Leaky Bus Shelters: Wellington’s 20 Year Plan


We’re not the only bus commuters fed up with those leaky Adshel shelters.

Back in September, I blogged about how I was drenched while sitting in a shelter downtown waiting for a bus and by the time a bus arrived “I looked like a wet-soaked homeless trying to bludge a ride. “

So it’s good to see Greater Wellington Regional Council  looking at the issue, (although only because it’s forced to for financial reasons) . The  soaking of passengers is no doubt even worse in the capital’s harsher climate.

The Adshel deal is attractive to councils, because it saves the council thousands  while the company balances the provision of shelters with being able to reap the advertising spots.

In Wellington, the council has had to only install four or five bus shelters a year in suburban locations of greatest need in the city, while in five years  Adshel has rolled out 150.

Adshel has now virtually called  a halt to any new shelters with a council report saying that “unfortunately, the opportunity to leverage further off the Adshel contract has evaporated in the wake of significant resident opposition and the downturn in the economic climate. Neither does the GWRC have resources to increase their commitment to a higher number of bus shelter installations.”

But the report admits that in the long run, this is in commuters’ good.

“An advantage of the city allocating its own funding for bus shelters is that it has control over the attributes of the bus shelters. There has been some criticism of the Adshel shelters not providing adequate shelter for Wellington’s weather conditions.

“With a purpose-built shelter that makes no compromise for advertising, these shortcomings can be minimised. The disadvantage is, however, that the council must meet the full cost of the bus shelter and ongoing maintenance.”

The council estimates there are 400 shelters needed.

The council says it will take 20 years to fund completing bus shelters on all inbound bus stops city-wide. Quite frankly, that’s far too long. And while it makes business sense to not have to have the building of bus shelters on the council books, it’s surely part of building a decent public transport system.

Imagine is Auckland had to wait until McDonalds came through with the money for a new railway station to be built!

How on earth will you encourage public transport if passengers spend the next two decades getting drenched in a Wellington gale before the bus arrives?

A Wellington council committee meeting next week will consider the council rolling out shelters on 50 of the highest priority sites in the next two years, and then to continue installing shelters in conjunction with bus priority measures on the key bus routes, which is expected to take ten years.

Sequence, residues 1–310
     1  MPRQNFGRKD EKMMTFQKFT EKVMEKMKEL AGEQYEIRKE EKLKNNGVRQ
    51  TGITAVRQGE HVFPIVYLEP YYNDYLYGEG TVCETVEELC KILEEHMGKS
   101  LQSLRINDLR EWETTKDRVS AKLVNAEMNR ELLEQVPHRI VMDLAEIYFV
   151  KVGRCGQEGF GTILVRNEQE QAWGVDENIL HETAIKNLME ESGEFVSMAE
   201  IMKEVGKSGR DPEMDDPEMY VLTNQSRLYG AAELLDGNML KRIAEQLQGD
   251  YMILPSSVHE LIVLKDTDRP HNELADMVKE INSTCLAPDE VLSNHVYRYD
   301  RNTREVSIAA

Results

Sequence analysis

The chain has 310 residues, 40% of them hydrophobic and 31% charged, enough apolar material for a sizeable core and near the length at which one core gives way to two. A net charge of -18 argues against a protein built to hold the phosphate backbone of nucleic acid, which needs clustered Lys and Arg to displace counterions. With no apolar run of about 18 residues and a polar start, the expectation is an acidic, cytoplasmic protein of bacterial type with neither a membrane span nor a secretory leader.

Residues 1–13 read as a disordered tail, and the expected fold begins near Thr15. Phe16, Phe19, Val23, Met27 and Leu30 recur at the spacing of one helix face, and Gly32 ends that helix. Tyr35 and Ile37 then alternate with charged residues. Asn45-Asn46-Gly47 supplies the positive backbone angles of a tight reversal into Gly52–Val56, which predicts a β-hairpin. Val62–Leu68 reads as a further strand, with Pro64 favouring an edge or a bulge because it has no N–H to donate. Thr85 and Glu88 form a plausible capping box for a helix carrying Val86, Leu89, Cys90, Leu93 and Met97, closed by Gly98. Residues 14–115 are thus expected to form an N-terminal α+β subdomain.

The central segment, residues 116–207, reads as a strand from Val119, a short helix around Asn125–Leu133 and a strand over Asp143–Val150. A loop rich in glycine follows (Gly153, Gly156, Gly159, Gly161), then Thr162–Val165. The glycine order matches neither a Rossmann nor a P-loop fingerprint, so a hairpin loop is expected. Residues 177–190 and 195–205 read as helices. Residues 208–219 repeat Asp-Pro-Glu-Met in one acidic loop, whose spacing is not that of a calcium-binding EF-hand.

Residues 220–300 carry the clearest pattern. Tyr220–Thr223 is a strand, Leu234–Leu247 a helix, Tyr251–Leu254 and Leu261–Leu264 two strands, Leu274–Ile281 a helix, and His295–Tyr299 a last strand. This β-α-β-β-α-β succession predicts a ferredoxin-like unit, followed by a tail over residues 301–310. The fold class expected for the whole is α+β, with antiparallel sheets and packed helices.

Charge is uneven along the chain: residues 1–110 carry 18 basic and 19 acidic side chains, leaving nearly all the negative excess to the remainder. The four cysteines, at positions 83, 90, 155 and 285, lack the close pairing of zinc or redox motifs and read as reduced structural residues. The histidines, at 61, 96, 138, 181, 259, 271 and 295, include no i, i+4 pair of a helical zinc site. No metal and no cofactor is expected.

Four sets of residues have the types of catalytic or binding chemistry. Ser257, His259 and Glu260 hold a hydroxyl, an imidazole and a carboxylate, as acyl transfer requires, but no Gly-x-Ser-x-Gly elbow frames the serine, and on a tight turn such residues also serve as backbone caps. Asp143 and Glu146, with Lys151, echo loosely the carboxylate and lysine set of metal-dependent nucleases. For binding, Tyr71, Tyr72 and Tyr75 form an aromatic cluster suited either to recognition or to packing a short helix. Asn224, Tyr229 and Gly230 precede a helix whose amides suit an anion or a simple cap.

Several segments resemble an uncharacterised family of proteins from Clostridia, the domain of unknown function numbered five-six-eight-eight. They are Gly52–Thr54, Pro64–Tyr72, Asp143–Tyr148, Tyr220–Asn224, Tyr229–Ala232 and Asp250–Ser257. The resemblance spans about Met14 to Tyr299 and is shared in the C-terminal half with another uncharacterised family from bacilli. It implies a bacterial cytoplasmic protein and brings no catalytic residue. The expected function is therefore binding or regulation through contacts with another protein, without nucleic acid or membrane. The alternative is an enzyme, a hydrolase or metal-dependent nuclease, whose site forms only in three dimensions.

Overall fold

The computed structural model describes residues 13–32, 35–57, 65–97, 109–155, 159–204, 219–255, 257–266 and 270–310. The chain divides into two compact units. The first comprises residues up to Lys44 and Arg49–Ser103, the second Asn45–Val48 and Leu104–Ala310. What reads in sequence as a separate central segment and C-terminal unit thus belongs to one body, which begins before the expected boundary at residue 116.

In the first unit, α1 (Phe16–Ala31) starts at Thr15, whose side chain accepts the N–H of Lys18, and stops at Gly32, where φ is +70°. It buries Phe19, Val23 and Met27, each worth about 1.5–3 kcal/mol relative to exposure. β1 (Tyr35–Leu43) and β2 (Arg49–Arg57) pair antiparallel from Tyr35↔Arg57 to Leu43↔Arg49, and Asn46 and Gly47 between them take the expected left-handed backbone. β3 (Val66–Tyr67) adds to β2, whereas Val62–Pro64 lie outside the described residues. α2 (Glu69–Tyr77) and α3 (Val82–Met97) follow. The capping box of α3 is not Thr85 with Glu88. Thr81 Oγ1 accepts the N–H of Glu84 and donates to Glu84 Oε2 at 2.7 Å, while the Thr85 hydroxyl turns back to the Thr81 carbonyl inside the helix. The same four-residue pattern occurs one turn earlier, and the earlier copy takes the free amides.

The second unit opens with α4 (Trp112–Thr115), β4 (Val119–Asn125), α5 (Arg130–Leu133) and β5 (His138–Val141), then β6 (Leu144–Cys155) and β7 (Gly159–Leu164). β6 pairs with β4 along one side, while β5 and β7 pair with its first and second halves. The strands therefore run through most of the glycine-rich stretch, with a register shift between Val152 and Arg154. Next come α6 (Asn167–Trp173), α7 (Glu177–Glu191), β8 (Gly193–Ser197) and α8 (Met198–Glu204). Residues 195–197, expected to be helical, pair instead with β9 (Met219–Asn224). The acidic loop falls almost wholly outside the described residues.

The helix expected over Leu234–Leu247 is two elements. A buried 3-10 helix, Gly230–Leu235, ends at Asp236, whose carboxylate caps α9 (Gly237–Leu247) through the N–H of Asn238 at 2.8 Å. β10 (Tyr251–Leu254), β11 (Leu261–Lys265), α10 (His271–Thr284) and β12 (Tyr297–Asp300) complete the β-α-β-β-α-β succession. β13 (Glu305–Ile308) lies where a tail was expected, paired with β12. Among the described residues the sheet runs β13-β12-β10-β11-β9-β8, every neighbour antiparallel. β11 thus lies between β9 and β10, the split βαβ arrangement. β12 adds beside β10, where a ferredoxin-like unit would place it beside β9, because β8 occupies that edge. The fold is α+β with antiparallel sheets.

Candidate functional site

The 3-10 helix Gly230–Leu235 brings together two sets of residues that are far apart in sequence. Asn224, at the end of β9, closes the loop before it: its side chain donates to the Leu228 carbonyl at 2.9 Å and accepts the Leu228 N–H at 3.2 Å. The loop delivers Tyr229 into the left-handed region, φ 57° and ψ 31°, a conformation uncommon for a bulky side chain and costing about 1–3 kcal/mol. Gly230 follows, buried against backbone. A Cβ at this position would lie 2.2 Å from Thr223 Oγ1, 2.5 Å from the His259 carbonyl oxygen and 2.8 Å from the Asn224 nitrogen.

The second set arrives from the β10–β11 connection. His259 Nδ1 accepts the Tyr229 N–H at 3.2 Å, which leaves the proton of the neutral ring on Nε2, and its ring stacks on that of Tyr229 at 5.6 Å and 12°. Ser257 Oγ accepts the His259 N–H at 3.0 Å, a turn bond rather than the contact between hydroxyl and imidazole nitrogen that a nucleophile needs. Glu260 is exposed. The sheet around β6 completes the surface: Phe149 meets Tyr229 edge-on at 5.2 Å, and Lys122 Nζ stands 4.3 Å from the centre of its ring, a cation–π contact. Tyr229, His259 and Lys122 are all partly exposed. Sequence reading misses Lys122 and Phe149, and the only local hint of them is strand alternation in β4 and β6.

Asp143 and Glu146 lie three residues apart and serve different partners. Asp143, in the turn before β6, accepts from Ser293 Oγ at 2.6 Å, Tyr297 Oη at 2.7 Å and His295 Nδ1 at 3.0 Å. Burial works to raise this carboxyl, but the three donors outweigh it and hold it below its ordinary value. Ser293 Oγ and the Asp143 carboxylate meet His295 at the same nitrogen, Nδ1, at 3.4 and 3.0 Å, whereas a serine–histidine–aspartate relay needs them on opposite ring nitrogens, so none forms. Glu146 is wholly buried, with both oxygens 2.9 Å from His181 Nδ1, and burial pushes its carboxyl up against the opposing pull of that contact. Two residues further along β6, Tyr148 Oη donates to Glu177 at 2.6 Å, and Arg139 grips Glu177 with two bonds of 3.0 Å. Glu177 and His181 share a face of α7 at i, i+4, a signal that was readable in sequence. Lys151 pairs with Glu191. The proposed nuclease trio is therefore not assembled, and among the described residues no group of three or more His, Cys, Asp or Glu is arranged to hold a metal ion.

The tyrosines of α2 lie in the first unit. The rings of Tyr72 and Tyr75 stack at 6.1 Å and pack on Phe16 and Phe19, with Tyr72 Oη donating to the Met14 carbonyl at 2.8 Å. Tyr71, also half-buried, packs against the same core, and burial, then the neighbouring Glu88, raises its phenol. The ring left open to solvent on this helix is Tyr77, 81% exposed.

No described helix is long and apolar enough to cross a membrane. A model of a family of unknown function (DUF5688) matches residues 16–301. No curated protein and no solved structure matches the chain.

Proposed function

The cost estimate is $250k per year, for the first two years, and then 10 shelters per year, for 10 years at $100k. Thereafter, to complete the rest of the network in the following ten years, at an estimated 25 shelters per year, at a cost of $250k per year.

So the rollout will take a couple of decades but the council says this will give the residents a chance to ensure the shelters meet their street environment.

Let’s urge the Auckland authorities also inspect the city’s bus shelters before winter sets in. They’re the leaking building issue no-one is talking about and addressing.




  1. joust says:

    Perhaps we’d get a station in Balmoral if McDonalds could build it. They seem so desperate to open a restaurant there. Not sure how it’d connect to the railway lines though!

  2. Kiwipom says:

    still trying to figure out why it costs $10,000 per bus shelter!!!! its only metal, glass and wood for the seating, plus concrete for the floor and labour to erect and they don’t take that long or shouldn’t anyway

  3. Al says:

    Lets be honest the Adshell shelters are really advertising hoardings masquerading as bus shelters … having used them for the last few years in Auckland I am still yet to see what they shelter you from.

    The wind ? No they leak like a sieve, only way to stay dry is by using an umbrella in the shelter and are open to all elements
    The sun ? No turn into glasshouse in summer good for a tanning session but not waiting for a bus ….

  4. Al says:

    sorry that should have been wind/rain …..


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